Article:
(For my friend Shri Kannan Rangachar )
Continued from Part I
(Said to be a contemporary portrait in the collection of Dr. Jinararajadasa , of the Theosophical Society)
[At the outset, it needs to be mentioned that there is no single authentic account of Sri Tyagaraja’s life. Attempts to reconstruct his life-events based on references that occasionally occur in several of his songs have no real validity. Some of such narrations are but imaginative elaborations. Even as early as in 1904, that is about 50 years after the departure of Sri Tyagaraja , Sri Subbarama Dikshitar (1839-1906) – the grandson of Sri Mutthuswamy Dikshitar and who as a child had met Sri Tyagaraja- remarked that “ he could not easily obtain historical information about Sri Tyagaraja” ; and had to rely on other sources.
What we know of Sri Tyagaraja’s life has come down to us through a series of narrations made by his disciples, their descendents and other writers. The earliest biography of Sri Tyagaraja was written by his direct disciple, Walajapet Venkataramana Bhagavatar along with Tanjavuru Rama Rao. According to some accounts, Venkataramana Bhagavatar was with his master for about thirty years. He is also credited with writing down most of the Tyagaraja-kritis that have come down to us. Similarly, Tanjavuru Rama Rao was the Manager who took care of Tyagaraja’s household. He served his Master for long years. Their narration was followed by that of Venkataramana Bhagavatar’s son Krishnaswamy Bhagavatar, who was with Sri Tyagaraja only during the last two years of saint’s life. His version was largely based on the notes made by his father; but, he added certain elements of his own. Krishnaswamy Bhagavatar’s work was followed by that of his son K. K. Ramaswamy Bhagavatar who enlarged it further. In the meantime, a biography in poetic form was written by Tumu Narasimhadasa, a Ramabhakta and an ardent admirer of Saint Tyagaraja. These renderings were later followed by many other versions of Tyagaraja’s biography.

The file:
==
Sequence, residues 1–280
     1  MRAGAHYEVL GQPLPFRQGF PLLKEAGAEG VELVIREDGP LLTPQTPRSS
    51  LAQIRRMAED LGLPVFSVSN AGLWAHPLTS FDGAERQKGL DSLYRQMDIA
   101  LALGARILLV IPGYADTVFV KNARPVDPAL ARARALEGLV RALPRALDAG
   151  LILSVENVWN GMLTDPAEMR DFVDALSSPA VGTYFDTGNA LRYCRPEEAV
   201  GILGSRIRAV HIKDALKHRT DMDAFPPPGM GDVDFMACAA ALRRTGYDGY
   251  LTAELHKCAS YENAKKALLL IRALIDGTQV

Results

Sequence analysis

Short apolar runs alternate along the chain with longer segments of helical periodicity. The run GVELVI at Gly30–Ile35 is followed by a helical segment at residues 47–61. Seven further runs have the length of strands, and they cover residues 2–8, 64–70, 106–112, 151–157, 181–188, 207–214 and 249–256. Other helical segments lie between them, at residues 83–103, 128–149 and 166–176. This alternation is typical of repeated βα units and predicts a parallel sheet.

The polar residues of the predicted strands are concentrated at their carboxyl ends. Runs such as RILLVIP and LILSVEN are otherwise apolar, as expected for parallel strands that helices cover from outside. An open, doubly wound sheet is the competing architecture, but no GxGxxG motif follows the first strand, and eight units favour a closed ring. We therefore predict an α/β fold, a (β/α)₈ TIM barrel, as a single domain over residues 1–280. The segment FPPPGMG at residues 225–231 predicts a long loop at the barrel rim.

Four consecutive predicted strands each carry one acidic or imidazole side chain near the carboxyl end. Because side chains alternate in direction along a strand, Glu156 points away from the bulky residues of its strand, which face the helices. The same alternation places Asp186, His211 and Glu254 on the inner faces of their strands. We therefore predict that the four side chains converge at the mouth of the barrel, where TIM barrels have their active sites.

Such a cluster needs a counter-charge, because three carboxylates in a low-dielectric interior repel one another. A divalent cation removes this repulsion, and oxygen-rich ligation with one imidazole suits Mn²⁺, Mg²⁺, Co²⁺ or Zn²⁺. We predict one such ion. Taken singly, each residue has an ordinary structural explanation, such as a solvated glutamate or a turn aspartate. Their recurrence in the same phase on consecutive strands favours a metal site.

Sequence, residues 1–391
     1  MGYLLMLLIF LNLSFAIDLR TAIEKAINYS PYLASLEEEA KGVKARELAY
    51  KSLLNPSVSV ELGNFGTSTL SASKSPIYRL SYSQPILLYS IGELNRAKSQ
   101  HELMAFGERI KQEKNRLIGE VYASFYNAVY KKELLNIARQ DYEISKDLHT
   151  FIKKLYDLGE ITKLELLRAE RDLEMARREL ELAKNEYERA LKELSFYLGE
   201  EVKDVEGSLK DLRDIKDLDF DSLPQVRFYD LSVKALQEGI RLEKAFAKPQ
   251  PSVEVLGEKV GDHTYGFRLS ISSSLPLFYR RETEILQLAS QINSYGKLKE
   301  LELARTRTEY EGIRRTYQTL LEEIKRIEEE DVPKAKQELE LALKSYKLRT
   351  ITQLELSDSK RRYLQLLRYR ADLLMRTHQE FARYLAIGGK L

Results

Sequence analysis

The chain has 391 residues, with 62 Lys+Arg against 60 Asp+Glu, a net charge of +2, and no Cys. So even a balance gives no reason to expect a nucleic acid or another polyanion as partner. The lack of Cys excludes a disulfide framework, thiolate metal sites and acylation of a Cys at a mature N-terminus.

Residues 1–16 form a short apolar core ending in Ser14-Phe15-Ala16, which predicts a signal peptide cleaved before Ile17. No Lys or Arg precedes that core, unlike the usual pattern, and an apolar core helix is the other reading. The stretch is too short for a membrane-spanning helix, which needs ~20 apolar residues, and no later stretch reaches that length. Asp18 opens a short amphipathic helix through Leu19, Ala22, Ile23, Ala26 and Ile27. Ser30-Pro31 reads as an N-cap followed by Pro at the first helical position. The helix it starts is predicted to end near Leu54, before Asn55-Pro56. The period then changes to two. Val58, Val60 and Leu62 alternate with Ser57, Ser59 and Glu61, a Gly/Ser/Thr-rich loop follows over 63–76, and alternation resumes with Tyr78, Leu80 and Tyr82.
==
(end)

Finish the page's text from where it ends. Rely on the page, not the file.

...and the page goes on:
His direct disciples, obviously, had a very high esteem and veneration for their Guru. The image of Sri Tyagaraja that emerges from their (Venkataramana Bhagavatar and Tanjavuru Rama Rao) narration is that of a very sincere person; a truly honest follower of his Dharma; a bhaktha intensely devoted to his ideal Sri Rama; an extraordinarily gifted musical genius; a great teacher; and, a poet par excellence. He was far more than a Vak-geya-kara – the one who set words to music. He was, indeed, a divinely inspired singer of most sublime songs in glory of his Lord. He comes across as a poet, saint and philosopher combined in one. Yet; Tyagaraja, here, appears more human and real.
In the later versions of his biography , Tyagaraja is transformed and idealized as a divinity incarnate, an Avatar, a reincarnation of Sage Vyasa, of Shuka, of Prahlada, of Narada ; and as one with an Amsha (spark ) of Shiva or Brahma. Many supernatural events and miraculous deeds were woven into his biography.
What follows hereunder is somewhat closer to Venkataramana Bhagavatar’s rendering. ]